Cultural Differences in First Impressions

Cultural Differences in First Impressions

A review of:

Noguchi, K., Kamada, A., & Shrira, I. (2014). Cultural differences in the primacy effect for person perception. International journal of psychology: Journal international de psychologie, 49(3), 208-10. Retrieved from

By Bailey Correll

Why this article?

This article brings awareness to the differences in various cultures, ethnicities, and nations. The Ethical Principles of Psychologists and Mercer School of Medicine’s Diversity Statement both directly reference the need to understand and accept various aspects of different cultures. Knowledge of various cultures is useful to practitioners and to individuals. Practitioners need to be familiar with patterns of social acceptance in order to assist individuals with persistent mental illness in remaining in society.


In order to effectively sort through the plethora of social interactions encountered on a daily basis, people often make assumptions about others. These assumptions are called social perception biases. This article focuses a particular social perception bias called the primacy effect. The primacy effect is simply the grossly exaggerated weight of a first impression. North Americans and East Asians have been shown to process social situations differently. The value these two groups place upon first impressions may be another example of those differences.

North Americans have a tendency to focus on dispositional factors when another’s behavior falls into question. North Americans employ schematic-style perception and processing. North Americans assign stimuli to a schema, and use the existing knowledge of that schema to predict the stimuli’s behaviors. N. Americans tend to explain away any information that does not fit into the schema to which the stimuli has been assigned.

East Asians typically focus on situational factors instead. East Asians tend to focus on stimuli and the world as a whole; these people focus on interactions between the specific stimuli and the specific situation to predict events. E. Asians are more likely to take into consideration the context of most stimuli and modify any previous judgements.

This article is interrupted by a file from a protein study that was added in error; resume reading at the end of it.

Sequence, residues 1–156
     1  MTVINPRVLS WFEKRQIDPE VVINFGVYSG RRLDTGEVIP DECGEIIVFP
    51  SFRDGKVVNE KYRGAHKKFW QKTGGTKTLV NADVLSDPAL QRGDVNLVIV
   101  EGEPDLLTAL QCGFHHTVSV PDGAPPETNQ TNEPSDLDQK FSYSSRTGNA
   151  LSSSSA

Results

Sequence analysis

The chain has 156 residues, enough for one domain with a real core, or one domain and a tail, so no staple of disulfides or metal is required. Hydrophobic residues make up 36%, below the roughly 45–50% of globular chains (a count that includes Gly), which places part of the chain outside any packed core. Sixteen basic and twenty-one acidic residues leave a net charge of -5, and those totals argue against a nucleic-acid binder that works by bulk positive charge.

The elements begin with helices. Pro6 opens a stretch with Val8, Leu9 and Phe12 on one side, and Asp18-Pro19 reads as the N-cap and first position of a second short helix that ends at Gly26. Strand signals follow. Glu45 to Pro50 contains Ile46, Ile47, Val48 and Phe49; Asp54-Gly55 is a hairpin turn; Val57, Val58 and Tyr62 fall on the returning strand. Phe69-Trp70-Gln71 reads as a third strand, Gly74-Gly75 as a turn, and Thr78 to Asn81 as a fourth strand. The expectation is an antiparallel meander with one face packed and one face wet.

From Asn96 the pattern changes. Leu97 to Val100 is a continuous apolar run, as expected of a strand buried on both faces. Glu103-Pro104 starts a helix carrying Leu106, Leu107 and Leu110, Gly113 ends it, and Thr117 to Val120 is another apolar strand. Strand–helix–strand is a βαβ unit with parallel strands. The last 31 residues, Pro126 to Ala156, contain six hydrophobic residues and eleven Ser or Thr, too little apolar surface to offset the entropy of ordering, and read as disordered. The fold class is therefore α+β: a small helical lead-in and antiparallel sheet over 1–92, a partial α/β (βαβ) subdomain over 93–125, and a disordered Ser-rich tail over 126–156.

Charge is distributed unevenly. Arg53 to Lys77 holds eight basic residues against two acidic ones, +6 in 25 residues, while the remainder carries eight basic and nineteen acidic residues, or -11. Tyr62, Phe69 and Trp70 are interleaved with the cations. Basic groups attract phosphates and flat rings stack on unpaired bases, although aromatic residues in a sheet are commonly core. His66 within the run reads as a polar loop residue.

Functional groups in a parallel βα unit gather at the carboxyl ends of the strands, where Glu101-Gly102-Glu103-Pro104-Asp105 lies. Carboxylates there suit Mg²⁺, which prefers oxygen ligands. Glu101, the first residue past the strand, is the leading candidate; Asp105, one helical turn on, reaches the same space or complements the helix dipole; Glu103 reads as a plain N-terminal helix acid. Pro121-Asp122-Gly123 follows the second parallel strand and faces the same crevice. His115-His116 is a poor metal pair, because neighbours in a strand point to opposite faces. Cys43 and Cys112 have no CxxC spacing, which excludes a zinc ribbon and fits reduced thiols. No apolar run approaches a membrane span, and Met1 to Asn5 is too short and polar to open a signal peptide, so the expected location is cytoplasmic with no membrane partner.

This study hypothesized that Japanese participants would rate a target person as less kind than the Americans if the target displayed unkind traits after an initial “kind” exposure. The American were hypothesized to rate the target the same after the initial exposure regardless of subsequent behaviors.


Participants were 195 students from University of Florida (70% women, mean age= 19.43) and 135 students from Bunkyo University (65% women, mean age = 19.87).


Participants would assess the personality of a woman after reading a paragraph about her. Participants processed information about the target that framed her as a kind person. Then participants read a vignette about the target’s current behavior.

The vignette contained 17 sentences:

7- kind behaviors: “Amy shared her umbrella”

9- neutral sentences: “Amy woke up and saw that it was raining”

1- to be manipulated: Inconsistent “Amy ignored her friend” or consistent “Amy helped her friend.” This sentence was located in the middle of the paragraph.

Participants then rated 6 traits of the target’s personality on a 7-point Likert scale: kindness, trustworthiness, considerateness, faithfulness, coldness, and inconsiderateness. The scales were scored and averaged together for an overall kindness rating.


Results were compared using a 2 x 2 ANOVA: culture (US, Japan) x target cue (consistent, inconsistent). In the consistent condition, American and Japanese participants had no significant differences in perception of the target. In the inconsistent condition, Americans rated the target higher in kindness than the Japanese participants.


Americans were more strongly affected by the primacy effect than the Japanese participants. Japanese participants are thought to have used data processing to change their perceptions of the target. American participants are thought to have relied on first impressions. Cultural backgrounds often influence how impressions are formed. The formation of opinions is more accurate when it is an ongoing process. Data must be collected, analyzed, and updated as new observations occur. Relying on the first set of data in many cases leads people to wrongful assumptions.



Noguchi, K., Kamada, A., & Shrira, I. (2014). Cultural differences in the primacy effect for person perception. International journal of psychology: Journal international de psychologie, 49(3), 208-10. Retrieved from

American Psychological Association. (2010). American Psychological Association ethical principles of psychologists and code of conduct.

Mercer School of Medicine. (2012). Diversity Statement. Mercer Health Science Center.